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employee data, employee privacy, data privacy, intellectual property, big data, algorithmic management


The availability of data related to the employment relationship has ballooned into an unruly mass of personal characteristics, performance metrics, biometric recordings, and creative output. The law governing this collection of information has been awkwardly split between privacy regulations and intellectual property rights, with employees generally losing on both ends. This Article rejects a binary approach that either carves out private spaces ineffectually or renders data into isolated pieces of ownership. Instead, the law should implement a hybrid system that provides workers with continuing input and control without blocking efforts at joint production. In addition, employers should have fiduciary responsibilities in managing employee data, and workers should have collective governance rights over the data’s collection and use.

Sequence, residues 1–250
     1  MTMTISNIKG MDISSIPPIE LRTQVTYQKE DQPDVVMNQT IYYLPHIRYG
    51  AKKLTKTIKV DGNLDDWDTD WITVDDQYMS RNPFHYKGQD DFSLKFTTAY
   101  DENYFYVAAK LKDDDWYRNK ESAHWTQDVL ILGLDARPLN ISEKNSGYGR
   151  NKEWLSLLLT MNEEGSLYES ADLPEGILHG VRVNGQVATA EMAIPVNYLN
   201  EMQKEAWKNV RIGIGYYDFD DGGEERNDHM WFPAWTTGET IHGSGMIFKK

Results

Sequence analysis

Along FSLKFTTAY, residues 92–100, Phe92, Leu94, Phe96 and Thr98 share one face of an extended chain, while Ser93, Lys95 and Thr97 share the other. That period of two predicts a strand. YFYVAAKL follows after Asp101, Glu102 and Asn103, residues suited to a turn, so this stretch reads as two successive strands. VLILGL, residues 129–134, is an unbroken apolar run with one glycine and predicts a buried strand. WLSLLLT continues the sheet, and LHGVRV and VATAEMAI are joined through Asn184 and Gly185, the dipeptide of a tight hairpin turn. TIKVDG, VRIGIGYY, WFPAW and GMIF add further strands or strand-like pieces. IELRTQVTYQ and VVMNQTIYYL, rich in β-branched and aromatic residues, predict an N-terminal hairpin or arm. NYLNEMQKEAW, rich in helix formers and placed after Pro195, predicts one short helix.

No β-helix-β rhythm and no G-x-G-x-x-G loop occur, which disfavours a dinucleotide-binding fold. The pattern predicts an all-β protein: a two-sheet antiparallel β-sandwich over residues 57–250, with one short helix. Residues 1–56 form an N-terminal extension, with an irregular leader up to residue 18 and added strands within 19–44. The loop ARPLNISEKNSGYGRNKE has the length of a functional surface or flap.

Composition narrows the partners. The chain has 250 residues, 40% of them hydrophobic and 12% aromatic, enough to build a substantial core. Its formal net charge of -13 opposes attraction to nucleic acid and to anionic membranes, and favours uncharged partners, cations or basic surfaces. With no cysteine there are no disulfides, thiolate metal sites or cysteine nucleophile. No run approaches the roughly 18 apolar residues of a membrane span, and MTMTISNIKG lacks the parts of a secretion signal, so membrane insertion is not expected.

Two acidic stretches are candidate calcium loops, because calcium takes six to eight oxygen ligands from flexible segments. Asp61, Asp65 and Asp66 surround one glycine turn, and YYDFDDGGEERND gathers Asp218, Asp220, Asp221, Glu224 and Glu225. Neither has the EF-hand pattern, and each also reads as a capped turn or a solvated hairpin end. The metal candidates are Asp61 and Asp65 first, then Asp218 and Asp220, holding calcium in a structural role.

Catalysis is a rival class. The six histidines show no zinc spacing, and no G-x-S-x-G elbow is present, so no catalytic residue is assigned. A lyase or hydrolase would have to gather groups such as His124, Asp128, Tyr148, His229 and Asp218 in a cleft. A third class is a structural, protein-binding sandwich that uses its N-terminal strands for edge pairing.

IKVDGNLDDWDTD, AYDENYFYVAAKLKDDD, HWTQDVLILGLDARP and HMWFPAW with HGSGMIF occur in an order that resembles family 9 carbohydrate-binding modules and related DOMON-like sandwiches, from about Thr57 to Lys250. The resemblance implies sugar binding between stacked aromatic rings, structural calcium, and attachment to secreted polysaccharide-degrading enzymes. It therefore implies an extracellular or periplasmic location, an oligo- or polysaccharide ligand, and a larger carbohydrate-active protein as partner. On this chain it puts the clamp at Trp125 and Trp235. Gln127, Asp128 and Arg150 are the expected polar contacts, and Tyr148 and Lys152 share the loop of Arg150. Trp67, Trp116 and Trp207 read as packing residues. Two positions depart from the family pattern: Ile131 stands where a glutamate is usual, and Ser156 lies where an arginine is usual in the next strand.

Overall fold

Abstract only.